So if you all haven’t heard, there is now an app called Clean Reader that exists to remove profanity and anything else it deems offensive from e-books and replace it with something more child-friendly.
The issues of censorship and mutilating someone else’s work has already been covered by writers far more eloquent than I – Chuck Wendig, Joanne Harris, Lilith Saintcrow and Jennifer Porter – but there is something else I would like to talk about regarding the Clean Reader app.
Please note, this post will contain ‘naughty’ words so any pro-Clean Readers, y’all know where the door is.
Apparently there are three levels to this app: Clean, Cleaner, and Squeaky Clean. Jennifer Porter gave Squeaky Clean a test run. The results were pretty horrifying. According to that app, the word ‘sex’ is bad. Yup. That’s right. Clean Reader designated ‘sex’ as a bad word that needed to be scrubbed from books.
What sort of mad fuckery is this?
The app that seems to want to shelter the innocent eyes of our cotton-wool swaddled offspring instead presents the toxic message that sex is bad. It presents the message that the word ‘sex’ is so offensive it must be removed from the pages of literature lest it corrupt the fragile minds of today’s youth.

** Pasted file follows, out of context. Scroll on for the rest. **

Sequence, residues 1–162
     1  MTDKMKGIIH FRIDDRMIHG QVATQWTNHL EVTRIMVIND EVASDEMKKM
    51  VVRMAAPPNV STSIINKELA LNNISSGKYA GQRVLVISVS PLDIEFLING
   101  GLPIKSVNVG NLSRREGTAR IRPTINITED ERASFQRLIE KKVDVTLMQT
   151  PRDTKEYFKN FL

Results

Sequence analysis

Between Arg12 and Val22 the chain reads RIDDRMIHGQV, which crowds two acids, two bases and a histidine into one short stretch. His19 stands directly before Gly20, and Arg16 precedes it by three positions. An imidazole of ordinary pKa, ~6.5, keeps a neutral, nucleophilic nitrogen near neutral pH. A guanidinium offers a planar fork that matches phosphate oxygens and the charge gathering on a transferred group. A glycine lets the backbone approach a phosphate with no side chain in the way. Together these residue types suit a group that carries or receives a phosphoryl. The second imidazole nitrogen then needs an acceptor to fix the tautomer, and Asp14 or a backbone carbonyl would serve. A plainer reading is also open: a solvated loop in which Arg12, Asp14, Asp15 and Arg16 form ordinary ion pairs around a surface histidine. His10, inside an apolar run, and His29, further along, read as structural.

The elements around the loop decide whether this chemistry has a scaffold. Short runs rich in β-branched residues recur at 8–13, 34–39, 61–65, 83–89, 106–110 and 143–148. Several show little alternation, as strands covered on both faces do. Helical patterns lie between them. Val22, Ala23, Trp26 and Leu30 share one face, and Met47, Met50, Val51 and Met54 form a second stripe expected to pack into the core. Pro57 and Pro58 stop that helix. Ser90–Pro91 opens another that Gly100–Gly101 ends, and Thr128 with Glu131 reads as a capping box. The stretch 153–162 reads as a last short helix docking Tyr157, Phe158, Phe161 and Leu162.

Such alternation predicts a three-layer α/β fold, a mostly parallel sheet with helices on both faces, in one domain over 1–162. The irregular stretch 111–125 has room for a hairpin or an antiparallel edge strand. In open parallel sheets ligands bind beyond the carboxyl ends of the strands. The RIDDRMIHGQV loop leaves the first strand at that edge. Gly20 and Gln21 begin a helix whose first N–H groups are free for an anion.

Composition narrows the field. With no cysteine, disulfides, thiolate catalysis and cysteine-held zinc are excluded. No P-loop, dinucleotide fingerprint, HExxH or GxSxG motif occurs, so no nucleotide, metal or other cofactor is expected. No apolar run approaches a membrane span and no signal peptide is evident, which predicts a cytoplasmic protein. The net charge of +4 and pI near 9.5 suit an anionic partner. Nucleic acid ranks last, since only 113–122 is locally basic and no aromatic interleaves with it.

Children are impressionable little things, and the last thing they need to be told is that a simple word – one referring to a completely natural act that will form a large part of their adult lives – is something to be ashamed of. After all, if the word is bad then the act itself must be downright horrific.
Oh, but it gets worse.
Not only is ‘sex’ on Clean Reader’s list of naughty words, so are anatomical terms like ‘vagina’ or ‘breasts.’ Yes, my dear Ramblers, these are filthy, shameful words and we must shield our little darlings from them. After all, we wouldn’t want kids understanding the correct terms for their own anatomy.
The sheer absurdity of this is astounding. The Clean Reader app takes the word ‘vagina’ and replaces it with ‘bottom’ therefore rendering all ‘scrubbed’ sex scenes as acts of anal intercourse. Well done, Clean Reader. That makes perfect sense.
I’m not alone in my concern over this. Author Joanne Harris points out that ‘trying to pass off the words ‘anus’, ‘buttocks’ and ‘vagina’ as the same thing is very confusing indeed, not to mention damaging.’